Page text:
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ORLANDO — From the moment the Orlando Magic arrived at the Walt Disney World campus for the NBA restart wearing t-shirts that read, “GET OFF THE BENCH, GET INTO THE GAME, VOTE,” the organization’s commitment to bringing about social change and combatting racism has been delivered loud and clear.
On Wednesday, the Magic continued their efforts to put those words into action.
Magic CEO Alex Martins, President of Basketball Operations Jeff Weltman, Head Coach Steve Clifford and center Mo Bamba were on hand as the Magic announced that they’ve partnered with the City of Orlando, Orange County and Orange County Supervisor of Elections Bill Cowles to open Amway Center as an early voting location.
“We are thrilled to say that the Amway Center will be an early voting location here in Orange County,” Martins said. “In addition, we want to recognize the DeVos family, our entire team of players and coaches, and specifically today, I’d like to thank our President of Basketball Operations Jeff Weltman, our head coach Steve Clifford and Magic center Mo Bamba for pushing us forward in these efforts and really initiating these conversations.”
The facility will be open starting October 19 through November 1 from 8 a.m. – 8 p.m. ET on the north side of Amway Center at the Church Street entrance inside the Disney Atrium. All registered voters from Orange County will be able to cast their ballot at the Amway Center location, which is one of 20 early voting locations within Orange County. In addition, on National Voter Registration Day, the Amway Center will be open on September 22 for voter registration. This will also take place inside the Disney Atrium from 10 a.m. to 2 p.m.
“This voting location once again shows the power of collaboration and partnership that we have here in Central Florida,” City of Orlando Mayor Buddy Dyer said. “I want to thank our partners, the Orlando Magic, Alex Martins, coach Clifford, the players and the NBA for making voting a priority.”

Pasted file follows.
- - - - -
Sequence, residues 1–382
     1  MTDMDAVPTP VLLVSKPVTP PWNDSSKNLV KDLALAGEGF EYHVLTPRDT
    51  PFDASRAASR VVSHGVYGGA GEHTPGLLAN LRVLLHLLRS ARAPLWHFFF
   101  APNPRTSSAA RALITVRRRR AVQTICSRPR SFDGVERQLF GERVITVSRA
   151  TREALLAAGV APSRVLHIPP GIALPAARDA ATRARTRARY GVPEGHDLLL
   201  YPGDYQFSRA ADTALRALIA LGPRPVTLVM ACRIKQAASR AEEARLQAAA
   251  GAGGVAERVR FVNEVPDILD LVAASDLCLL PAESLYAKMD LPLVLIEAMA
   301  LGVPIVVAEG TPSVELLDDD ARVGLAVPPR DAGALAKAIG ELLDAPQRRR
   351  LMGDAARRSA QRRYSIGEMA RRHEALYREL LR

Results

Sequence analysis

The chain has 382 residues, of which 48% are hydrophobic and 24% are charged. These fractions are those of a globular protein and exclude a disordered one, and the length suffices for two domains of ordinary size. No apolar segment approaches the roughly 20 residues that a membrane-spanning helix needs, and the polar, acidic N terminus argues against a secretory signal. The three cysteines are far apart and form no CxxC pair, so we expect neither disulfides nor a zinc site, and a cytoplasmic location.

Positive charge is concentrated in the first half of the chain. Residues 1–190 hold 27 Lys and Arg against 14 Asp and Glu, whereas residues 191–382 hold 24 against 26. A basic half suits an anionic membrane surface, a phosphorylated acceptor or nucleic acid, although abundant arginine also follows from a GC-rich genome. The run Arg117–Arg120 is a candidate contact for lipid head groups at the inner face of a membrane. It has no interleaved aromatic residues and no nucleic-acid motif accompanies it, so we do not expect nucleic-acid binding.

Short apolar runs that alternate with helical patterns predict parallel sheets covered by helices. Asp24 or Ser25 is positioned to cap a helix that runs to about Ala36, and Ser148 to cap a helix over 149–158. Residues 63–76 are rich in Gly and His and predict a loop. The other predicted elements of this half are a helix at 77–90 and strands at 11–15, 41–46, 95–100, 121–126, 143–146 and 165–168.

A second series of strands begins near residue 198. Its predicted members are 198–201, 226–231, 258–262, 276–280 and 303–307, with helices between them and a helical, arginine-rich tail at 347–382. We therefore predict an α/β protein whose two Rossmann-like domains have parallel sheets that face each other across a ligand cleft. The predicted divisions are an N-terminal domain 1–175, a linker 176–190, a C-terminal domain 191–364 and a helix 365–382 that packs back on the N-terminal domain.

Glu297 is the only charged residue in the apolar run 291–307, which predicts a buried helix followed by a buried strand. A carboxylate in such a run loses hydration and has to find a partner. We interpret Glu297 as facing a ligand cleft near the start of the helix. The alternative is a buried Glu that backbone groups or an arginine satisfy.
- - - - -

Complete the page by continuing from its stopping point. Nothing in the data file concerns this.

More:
Increasing voting awareness and access has been an overriding theme for the NBA since resuming action. Fifteen other teams in the league have already announced plans to open their arena doors for access to voting with many others expected to follow suit. State laws, public ownership of certain facilities and buildings undergoing renovations may prevent certain organizations from doing the same, but in those instances teams will likely promote messaging that will drive voters to local precincts.
“With the NBA, they’re so influential in the lives of our young adults and our teens,” Orange County Mayor Jerry Demings said. “With some of our young adults, this is going to be the first time they’ve ever voted in a presidential election.”
It won’t stop there. The NBA recently announced that its teams, players and coaches agreed to immediately establish a social justice coalition, with representatives from players, coaches and team governors, that will be focused on a broad range of issues, including increasing access to voting, promoting civic engagement and advocating for meaningful police and criminal justice reform.
“We all have platforms, but some may have platforms that reach differently,” said Bamba, who’s been active in the movement since June through his partnership with More Than a Vote. “As long as we’re all spreading the same message and unified this could be great.”
For the Magic, this initiative highlights their continued effort to combat racial injustice and bring the conversation of social change to the forefront.
“In order to make real change, we have to change laws, we have to change local policies, we have to change the way that we live,” Clifford said recently. “For all of us, the way that we can do that is to vote.”